We are supposed to be maturing into people who have learned and are learning certain principals in life. We are to love one another. We are to love, honor and praise God. The bible records many instructions on how to do those things. We are learners. No one is going to be perfect about everything all the time. But in all of the many principals of righteous living nothing is said about being able to perfectly describe God or understand God (other than what is written already), in what we call theological reasoning. IOW that isn’t required in order to be a good Christian.

    Atheism OTOH serves no real purpose for life. It’s all about human theories, making humanity its own god, arguing, debating, dividing and seems to rejoice in things most would consider harmful.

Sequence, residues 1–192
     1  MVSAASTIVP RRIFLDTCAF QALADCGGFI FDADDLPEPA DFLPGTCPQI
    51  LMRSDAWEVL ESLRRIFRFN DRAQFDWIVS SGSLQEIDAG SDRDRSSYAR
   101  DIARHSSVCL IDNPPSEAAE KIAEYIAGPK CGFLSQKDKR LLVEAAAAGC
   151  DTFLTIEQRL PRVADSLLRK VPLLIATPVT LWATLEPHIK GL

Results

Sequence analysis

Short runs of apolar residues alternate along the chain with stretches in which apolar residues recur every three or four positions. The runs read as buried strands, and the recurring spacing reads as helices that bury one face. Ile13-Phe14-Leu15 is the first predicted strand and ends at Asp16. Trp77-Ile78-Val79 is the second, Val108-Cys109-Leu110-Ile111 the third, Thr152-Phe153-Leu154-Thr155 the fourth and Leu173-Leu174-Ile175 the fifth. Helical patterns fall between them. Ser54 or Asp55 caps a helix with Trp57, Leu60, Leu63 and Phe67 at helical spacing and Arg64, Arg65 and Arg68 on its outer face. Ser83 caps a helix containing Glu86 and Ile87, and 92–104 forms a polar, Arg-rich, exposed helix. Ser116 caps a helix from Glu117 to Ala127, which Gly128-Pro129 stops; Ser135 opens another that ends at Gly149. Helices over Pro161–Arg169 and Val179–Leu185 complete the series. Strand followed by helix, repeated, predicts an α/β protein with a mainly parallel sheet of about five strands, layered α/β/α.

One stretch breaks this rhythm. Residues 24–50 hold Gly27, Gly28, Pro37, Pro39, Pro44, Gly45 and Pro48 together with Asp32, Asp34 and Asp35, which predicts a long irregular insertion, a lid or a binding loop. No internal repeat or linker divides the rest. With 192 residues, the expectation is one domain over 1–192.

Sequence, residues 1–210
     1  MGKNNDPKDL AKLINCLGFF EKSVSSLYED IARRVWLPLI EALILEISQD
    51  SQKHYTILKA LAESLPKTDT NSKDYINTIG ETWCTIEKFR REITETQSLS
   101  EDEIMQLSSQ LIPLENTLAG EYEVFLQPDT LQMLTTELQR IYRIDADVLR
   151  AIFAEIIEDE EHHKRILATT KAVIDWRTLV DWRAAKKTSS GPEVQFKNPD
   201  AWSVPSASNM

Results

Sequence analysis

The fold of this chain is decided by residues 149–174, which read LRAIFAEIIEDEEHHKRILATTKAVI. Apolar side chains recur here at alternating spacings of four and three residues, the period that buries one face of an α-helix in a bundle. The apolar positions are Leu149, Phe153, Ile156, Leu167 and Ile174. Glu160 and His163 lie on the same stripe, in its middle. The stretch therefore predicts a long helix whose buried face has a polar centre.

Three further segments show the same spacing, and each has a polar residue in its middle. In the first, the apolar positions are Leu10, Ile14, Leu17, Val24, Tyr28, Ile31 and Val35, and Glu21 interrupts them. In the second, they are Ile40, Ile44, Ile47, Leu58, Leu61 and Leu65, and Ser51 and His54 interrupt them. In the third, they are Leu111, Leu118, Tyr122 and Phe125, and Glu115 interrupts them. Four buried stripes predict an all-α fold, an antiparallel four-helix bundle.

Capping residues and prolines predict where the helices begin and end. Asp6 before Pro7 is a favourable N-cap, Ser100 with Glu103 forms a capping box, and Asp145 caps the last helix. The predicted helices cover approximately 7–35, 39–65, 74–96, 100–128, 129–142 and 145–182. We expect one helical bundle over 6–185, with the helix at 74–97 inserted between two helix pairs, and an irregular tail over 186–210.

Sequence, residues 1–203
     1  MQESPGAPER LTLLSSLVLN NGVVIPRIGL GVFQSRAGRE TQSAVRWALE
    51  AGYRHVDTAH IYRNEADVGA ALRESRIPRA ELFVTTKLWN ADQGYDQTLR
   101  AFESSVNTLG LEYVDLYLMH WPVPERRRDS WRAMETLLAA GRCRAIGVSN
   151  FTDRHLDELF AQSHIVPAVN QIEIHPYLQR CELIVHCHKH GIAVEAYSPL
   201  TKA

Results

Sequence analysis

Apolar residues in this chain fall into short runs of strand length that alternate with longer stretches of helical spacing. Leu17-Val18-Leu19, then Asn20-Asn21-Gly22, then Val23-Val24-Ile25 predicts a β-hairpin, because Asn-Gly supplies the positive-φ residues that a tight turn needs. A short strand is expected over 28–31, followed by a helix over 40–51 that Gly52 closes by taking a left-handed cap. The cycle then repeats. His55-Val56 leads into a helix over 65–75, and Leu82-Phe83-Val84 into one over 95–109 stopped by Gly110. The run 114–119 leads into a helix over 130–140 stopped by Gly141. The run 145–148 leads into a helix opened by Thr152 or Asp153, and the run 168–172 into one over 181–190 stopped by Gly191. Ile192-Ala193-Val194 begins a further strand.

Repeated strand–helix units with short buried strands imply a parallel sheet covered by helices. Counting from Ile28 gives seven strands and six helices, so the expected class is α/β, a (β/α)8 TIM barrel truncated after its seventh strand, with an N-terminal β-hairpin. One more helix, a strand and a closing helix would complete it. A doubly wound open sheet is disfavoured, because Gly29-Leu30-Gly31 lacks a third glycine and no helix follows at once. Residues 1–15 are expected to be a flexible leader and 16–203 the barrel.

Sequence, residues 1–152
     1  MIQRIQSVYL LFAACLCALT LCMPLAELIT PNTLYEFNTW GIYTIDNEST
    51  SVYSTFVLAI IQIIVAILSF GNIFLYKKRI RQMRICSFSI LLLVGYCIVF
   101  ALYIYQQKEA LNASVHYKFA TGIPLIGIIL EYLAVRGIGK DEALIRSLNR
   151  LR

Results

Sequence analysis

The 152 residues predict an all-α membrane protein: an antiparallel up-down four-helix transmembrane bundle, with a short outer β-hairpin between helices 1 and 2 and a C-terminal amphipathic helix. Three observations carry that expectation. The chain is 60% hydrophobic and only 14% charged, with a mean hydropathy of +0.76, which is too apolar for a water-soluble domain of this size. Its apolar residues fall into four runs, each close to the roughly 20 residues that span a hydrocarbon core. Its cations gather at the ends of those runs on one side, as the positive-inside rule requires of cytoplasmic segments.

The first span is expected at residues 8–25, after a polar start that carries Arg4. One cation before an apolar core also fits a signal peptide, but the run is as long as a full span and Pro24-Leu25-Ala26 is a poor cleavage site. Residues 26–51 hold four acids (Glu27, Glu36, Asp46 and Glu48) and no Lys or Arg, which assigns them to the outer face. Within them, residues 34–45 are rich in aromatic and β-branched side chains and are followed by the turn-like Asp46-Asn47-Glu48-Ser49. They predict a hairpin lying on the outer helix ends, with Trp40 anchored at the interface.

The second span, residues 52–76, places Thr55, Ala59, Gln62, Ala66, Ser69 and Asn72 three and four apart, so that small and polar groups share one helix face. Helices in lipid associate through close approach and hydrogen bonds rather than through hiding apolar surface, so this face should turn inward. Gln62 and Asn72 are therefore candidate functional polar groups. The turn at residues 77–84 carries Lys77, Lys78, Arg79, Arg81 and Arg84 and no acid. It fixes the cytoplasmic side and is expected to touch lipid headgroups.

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  48. TL says:

    ” I understand the part about the OT, the Law, new covenant, etc. but you had said earlier that “This does not mean that The Law and the rest of the OT books are of no use. They are filled with godly principles that we should apply, as well as insights into what righteous and unrighteous behavior looks like.” Similarly, are we still bound by the Ten Commandments?

    We are not bound by anything. All is there for our profit and instruction, to help us become more godly, more humane and more mature human beings. All of the Scriptures are there for us to glean direction from for our lives and for our relationships with God.

    Like

  49. Robert says:

    Robert, you’re still ignoring my questions, still trying to move the goalposts, still repeating yourself.